November 14, 2018 — Why Must People Say, "It Will Get Worse Before It Gets Better!"?

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Why must people say that things will get worse before they get better? What am I supposed to do with that? Am I supposed to smile and say, “Well thank you for your timely words of wisdom and inspiration. I was feeling pretty terrible, but your dour words of doom, gloom, dark despair, and misery have really lifted my spirits!” Regretfully, however, I suspect that we all know that sometimes…it’s true. We can all recall those moments when we were at our wits’ end, already wearier than we had ever been in our lives, struggling with more than we had ever before had to cope with — and then at just the wrong moment, our circumstances plummeted to new depths! We thought we might just have made it through the storm, only to find that the fragile peace we were clinging to was, in fact, situated right in the eye of the storm.

This brings me to the apostle Peter and to an actual storm on a lake (see Matthew 14:22­33). We are told that Jesus “made” the disciples get into the boat (Matthew 14:22). At the time, they probably did not think too much about that — but later, when they had finally made it through that stormy night, they might well have speculated amongst themselves, “Hang on a minute, if Jesus has the power to walk upon stormy water, then it would not be unreasonable to assume that He had the power to anticipate the storm. So, it follows that He must have knowingly sent us, exhausted and weary…into the storm!” Why would Jesus do that? I wonder if this has something to do with trust?

Trust is not a passive state of mind. I have found it to be a Spirit-fueled, red-blooded, gritty act of the soul by which I have the freedom to choose to lay hold of the love of God. I am talking about those moments of crippling loss, disappointment, shame, grief, tragedy, sickness, pain, addiction, sin, and so on. Of all the life events that might fall into this category, C.S. Lewis wrote, “When I lay these questions before God I get no answer. But a rather special sort of ‘No answer.’ It is not the locked door. It is more like a silent, certainly not uncompassionate, gaze. As though He shook His head not in refusal but waiving the question. Like, ‘Peace, child; you don’t understand.’”

Much later than the disciples were undoubtedly hoping, Jesus finally shows up in such a manner that at first they don’t even recognize Him. My experience is that, very often, Jesus shows up in a way that I was not expecting at a very unexpected hour (and often — at least by my estimation — at the very last moment!). And yet to say that I trust Jesus means that I have to jettison my expectations, all my private little theories that satisfy my intellectual pride that would tell me that I have Jesus completely figured out. Perhaps the real lesson is that I must trust God to provide what He knows is best and at whatever time He chooses to make it available.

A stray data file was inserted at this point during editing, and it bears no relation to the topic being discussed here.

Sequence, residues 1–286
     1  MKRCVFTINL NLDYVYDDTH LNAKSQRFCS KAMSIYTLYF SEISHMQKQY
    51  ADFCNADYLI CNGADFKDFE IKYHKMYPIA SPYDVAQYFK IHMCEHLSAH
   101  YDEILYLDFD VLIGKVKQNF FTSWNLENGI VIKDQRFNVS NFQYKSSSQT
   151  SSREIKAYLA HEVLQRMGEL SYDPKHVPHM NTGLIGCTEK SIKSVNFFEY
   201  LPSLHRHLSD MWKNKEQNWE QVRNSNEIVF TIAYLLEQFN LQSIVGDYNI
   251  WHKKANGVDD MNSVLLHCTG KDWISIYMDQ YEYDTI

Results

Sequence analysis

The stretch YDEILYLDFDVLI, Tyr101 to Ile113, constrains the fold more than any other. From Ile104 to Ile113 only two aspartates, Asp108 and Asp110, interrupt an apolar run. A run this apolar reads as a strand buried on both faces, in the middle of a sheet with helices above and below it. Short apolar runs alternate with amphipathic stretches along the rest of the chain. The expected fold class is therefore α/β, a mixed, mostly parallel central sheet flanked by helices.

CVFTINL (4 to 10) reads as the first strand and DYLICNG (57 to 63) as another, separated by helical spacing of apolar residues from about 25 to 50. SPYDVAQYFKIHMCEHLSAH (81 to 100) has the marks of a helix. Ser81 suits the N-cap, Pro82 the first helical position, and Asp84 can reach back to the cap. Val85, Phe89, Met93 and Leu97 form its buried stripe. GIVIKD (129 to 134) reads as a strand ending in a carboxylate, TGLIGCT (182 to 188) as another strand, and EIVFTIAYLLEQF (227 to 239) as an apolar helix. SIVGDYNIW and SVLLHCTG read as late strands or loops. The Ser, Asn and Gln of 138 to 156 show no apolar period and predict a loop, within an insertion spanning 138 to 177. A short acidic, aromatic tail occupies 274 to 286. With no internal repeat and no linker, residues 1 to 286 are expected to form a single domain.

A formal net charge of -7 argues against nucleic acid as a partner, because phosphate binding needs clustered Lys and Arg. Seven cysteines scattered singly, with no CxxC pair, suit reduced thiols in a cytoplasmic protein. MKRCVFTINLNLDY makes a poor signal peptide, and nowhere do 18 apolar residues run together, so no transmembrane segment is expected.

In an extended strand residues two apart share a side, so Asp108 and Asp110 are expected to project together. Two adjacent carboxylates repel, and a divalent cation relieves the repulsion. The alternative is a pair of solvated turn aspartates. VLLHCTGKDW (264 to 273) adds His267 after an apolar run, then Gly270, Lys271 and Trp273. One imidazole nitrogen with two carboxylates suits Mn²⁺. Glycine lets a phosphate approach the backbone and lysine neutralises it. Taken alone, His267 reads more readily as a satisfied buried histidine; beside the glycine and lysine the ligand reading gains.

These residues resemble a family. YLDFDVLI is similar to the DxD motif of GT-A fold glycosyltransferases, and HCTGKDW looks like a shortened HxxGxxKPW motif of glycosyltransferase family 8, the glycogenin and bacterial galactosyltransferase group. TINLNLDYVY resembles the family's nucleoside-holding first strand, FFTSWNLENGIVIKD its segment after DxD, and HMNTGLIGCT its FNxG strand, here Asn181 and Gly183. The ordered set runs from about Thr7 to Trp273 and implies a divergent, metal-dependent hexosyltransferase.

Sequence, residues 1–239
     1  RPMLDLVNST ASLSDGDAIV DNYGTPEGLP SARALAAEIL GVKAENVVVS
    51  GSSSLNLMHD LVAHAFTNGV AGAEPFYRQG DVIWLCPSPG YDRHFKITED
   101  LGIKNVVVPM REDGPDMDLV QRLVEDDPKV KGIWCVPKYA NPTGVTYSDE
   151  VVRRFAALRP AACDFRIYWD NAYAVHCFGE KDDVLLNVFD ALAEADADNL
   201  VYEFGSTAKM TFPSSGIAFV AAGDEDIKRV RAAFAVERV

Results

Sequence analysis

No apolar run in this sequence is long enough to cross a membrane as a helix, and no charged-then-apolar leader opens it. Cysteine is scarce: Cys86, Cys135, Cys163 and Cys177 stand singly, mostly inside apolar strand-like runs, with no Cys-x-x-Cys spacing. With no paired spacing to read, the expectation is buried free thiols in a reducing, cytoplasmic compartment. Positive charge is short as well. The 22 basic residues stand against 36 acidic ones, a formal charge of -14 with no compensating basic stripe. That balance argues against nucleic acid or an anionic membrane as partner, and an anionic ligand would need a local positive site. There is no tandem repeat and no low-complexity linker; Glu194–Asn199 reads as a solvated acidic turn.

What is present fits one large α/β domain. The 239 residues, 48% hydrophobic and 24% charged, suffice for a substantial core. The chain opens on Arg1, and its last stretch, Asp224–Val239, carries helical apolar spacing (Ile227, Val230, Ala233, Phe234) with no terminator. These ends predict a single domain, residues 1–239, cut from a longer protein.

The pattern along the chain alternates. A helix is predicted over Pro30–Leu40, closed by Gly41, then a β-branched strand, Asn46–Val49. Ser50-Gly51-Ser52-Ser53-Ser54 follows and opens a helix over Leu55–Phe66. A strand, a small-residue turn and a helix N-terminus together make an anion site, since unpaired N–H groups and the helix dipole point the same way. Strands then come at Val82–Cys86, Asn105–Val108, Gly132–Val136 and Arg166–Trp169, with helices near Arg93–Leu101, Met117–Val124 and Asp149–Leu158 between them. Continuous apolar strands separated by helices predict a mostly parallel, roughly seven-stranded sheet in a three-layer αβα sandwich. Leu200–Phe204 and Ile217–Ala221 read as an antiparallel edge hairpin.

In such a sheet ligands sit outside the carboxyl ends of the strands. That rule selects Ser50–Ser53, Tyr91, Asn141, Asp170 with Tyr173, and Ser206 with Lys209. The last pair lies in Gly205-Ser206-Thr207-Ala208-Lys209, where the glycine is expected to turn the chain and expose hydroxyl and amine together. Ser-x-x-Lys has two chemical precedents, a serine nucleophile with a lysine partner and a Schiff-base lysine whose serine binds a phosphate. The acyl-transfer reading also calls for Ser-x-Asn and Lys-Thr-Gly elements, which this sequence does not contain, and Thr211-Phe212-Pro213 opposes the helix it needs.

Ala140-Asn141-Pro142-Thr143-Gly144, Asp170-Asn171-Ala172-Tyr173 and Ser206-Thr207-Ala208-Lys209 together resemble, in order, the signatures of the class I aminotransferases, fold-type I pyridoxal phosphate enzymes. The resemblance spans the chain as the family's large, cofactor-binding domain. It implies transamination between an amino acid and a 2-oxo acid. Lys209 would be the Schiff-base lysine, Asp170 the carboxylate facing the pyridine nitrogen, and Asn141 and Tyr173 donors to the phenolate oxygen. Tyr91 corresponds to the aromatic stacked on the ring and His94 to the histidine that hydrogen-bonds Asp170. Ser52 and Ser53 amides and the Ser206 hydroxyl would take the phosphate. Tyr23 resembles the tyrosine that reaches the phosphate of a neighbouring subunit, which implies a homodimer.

Back to the storm on the lake, it would also appear from the text that Jesus is pleased when we ask Him for impossible things. Jesus is standing about ten feet away from the disciples on the tumultuous, unruly waves, as if they were granite. And Peter asks if he could join Him. Do you think that this would have been your first request of Jesus? Is it possible that we have never knowingly encountered the power of God’s love because we have never asked to know it — by which I mean really asked?

Jesus may have admonished Peter for having “little faith” (Matthew 14:31), and yet I cannot help but hear Him speak these words with affection. After all, was not Peter a giant of faith in comparison to the quaking souls of the other disciples, who clung to their oars and stayed put in the boat? This part of the story illustrates a profound mystery — that God in His sovereignty collaborates with our initiative. “Peter answered him, ‘Lord, if it is you, command me to come to you on the water.’ [Jesus] said, ‘Come.’” (Matthew 14:28-29).

And at Jesus’ invitation, Peter exercised his fledgling faith and, for a brief moment, walked on water. No doubt we all recall that when Peter took his eyes off Jesus he sank like a rock (Matthew 14:30). But I have come to see that Peter’s subsequent cry to Jesus to rescue him is a much more important part of this story. His cry for help illustrates that, for the second time that night, Peter knew where the power to uphold him dwelled. “My soul clings to you; your right hand upholds me.” (Psalm 63:8).

In truth, for all of the disciples’ desperate fears of perishing, there was never a single moment in that storm when they would have been wrong to have trusted in Jesus’ power to show up and save them. From God’s perspective, His heart will always be to bring us, no matter what we are facing, to exactly this place of deep reassurance and trust. This kind of trusting doesn't come naturally to me. So often it takes a spiritual crisis for me to take up His invitation to exercise this deeper kind of trust. And my suspicion is that God knows this!

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